Forget these "polls." How the people vote will be the real indicator of the people's will.

Mike P.

John O-
1. Okay, we won't look at party ID. We can look at Presidential vote. 43% of Obama voters, according to the CNN exit poll, voted 'yes' on the marriage amendment. That is less than 47%, obviously, but not much less.

2. Even if you control for age by replacing, say, the turnout figures for the age groups in NC with the yes/no breakdowns from FL, you still get almost exactly the same figure (61.74% voting 'yes').

3. You are right that there is a much larger Hispanic vote in FL than in NC, but I fail to see the effect of this. First of all, Hispanics voted at a lower rate (64%) for the FL amendment than did African-Americans. So it would still be an increase in North Carolina. Also, the Hispanic and African-American vote, when added up, are nearly the same in NC (26%) as in FL (25%).


It is saddening to see that this is even an issue. Should all lifestyles just be accepted because it is politically correct to do so? This is a no brainer. Protect marriage and family structure by voting no to same sex marriage and in favor of the amendment. What's next? The Bible is clear on this. Marriage is between a man and woman. Anything other is a sin. I'm sick of having to be closed lip in hoping not to affend anyone of their lifestyle choice. I'm offended by it. My children are offended. Love the sinner, hate the sin. I don't hate people who make this choice. I try to show them the love of God and pray for them. However, I do not accept this as normal or appropriate. It's a choice!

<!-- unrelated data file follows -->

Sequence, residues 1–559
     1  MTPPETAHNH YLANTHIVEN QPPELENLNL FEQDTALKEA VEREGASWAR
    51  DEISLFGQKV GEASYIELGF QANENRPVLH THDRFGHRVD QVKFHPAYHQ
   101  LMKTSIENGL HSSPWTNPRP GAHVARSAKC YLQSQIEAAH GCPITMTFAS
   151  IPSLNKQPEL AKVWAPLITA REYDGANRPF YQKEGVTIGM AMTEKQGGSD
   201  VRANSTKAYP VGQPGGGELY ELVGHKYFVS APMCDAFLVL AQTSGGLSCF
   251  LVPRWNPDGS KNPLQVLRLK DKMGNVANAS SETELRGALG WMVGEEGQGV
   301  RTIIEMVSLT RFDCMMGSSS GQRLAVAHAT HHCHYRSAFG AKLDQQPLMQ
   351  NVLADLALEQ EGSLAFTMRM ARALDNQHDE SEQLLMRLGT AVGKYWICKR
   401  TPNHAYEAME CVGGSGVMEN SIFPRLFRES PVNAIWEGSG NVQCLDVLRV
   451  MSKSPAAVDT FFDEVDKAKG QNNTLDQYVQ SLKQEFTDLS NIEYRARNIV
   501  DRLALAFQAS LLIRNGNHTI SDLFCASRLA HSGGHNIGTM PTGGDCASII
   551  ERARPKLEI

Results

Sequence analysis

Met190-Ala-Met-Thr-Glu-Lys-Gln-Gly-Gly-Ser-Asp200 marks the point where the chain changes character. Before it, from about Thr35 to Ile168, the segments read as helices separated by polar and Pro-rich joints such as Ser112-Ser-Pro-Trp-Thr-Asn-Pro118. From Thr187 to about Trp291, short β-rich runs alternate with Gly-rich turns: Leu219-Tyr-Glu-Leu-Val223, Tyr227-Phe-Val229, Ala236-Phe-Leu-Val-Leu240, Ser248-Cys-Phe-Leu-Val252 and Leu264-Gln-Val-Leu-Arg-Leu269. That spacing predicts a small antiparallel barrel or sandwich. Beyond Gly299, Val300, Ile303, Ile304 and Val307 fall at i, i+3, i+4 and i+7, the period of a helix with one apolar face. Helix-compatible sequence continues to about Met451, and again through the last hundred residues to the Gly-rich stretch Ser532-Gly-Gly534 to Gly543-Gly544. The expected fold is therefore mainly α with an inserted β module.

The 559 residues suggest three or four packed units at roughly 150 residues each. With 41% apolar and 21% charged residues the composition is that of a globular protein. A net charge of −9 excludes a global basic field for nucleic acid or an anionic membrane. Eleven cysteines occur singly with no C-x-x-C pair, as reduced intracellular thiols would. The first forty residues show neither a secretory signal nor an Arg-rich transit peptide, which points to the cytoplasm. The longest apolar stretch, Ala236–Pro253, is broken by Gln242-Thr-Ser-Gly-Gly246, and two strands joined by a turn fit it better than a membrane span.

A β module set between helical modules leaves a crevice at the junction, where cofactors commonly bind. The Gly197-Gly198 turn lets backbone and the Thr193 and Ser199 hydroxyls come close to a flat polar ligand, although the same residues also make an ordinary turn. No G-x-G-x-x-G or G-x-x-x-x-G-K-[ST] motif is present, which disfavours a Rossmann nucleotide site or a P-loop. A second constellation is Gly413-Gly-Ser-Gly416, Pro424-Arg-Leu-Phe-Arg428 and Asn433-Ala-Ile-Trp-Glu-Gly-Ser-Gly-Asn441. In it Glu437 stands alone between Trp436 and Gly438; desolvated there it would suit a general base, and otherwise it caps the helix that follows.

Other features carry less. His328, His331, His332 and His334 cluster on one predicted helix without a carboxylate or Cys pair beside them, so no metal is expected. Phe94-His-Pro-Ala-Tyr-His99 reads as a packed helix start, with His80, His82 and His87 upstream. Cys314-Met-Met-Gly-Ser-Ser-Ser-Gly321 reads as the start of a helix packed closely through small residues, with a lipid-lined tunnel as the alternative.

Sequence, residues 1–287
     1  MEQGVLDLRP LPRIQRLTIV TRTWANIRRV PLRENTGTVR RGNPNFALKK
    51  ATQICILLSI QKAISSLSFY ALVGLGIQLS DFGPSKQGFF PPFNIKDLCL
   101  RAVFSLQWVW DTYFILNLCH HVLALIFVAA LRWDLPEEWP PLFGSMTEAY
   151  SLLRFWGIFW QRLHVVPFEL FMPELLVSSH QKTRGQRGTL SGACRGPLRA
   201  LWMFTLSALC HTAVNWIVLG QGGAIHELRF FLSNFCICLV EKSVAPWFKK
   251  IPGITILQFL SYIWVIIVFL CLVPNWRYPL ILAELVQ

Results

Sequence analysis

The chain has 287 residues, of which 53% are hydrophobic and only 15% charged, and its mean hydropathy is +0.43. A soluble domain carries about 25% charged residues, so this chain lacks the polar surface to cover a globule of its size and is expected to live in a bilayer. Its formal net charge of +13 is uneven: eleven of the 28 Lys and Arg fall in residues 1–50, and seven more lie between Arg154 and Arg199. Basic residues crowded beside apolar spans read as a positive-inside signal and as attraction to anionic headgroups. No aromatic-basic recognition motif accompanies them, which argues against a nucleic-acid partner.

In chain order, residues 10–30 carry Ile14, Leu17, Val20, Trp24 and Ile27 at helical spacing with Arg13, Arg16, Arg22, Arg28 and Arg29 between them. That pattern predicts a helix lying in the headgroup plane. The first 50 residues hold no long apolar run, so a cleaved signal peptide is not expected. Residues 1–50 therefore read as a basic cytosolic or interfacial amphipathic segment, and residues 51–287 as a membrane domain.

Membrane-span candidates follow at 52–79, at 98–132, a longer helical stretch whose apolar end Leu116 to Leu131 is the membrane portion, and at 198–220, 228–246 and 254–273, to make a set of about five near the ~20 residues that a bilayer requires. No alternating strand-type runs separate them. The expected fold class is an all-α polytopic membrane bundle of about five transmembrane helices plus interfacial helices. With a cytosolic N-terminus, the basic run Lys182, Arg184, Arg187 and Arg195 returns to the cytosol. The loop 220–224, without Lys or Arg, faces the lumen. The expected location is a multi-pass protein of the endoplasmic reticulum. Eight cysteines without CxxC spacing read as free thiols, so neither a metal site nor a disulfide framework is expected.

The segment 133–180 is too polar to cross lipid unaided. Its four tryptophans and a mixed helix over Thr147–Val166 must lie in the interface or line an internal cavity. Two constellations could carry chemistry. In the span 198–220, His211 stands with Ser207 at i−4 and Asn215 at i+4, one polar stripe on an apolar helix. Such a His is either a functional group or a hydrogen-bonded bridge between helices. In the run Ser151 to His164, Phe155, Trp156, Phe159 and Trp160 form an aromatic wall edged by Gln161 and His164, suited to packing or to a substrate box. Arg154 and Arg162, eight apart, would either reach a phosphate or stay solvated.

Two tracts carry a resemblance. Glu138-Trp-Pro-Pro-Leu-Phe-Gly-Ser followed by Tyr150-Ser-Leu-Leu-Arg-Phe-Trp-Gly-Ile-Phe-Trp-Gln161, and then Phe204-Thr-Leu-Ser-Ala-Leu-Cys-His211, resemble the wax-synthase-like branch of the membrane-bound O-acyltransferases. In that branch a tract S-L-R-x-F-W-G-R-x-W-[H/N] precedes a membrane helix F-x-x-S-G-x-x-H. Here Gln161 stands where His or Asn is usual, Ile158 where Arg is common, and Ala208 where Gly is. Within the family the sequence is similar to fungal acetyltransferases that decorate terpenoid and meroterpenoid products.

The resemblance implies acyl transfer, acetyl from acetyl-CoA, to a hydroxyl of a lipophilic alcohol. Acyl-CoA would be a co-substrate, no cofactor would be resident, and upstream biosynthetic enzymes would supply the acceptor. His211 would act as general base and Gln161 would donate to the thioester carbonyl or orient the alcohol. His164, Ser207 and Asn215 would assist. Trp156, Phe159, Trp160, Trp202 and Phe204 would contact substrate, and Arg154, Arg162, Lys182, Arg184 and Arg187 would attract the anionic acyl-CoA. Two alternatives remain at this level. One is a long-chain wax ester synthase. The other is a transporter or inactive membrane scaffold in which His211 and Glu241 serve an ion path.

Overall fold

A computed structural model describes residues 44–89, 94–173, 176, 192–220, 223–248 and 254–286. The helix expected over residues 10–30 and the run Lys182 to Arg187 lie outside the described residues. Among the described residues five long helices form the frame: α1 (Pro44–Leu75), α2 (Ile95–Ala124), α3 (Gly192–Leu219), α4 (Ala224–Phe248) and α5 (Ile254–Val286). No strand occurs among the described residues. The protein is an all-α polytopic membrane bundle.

Don't pray for me with your self-righteous ego. I am not a sinner... Judge not that yee be judged.
It is amazing how many hetero people who have had affairs are quick to throw stones at monogamous people.


Kari.....you said it all. You are so right. We love all people, but we don't always love what they do. We are all sinners, all of us, but we need to ask for forgiveness....we don't need to embrace sin and celebrate it.


I am confused. This is a primary vote but I am a registered Democrat, so I can't vote, right? How can this be on the ballot then?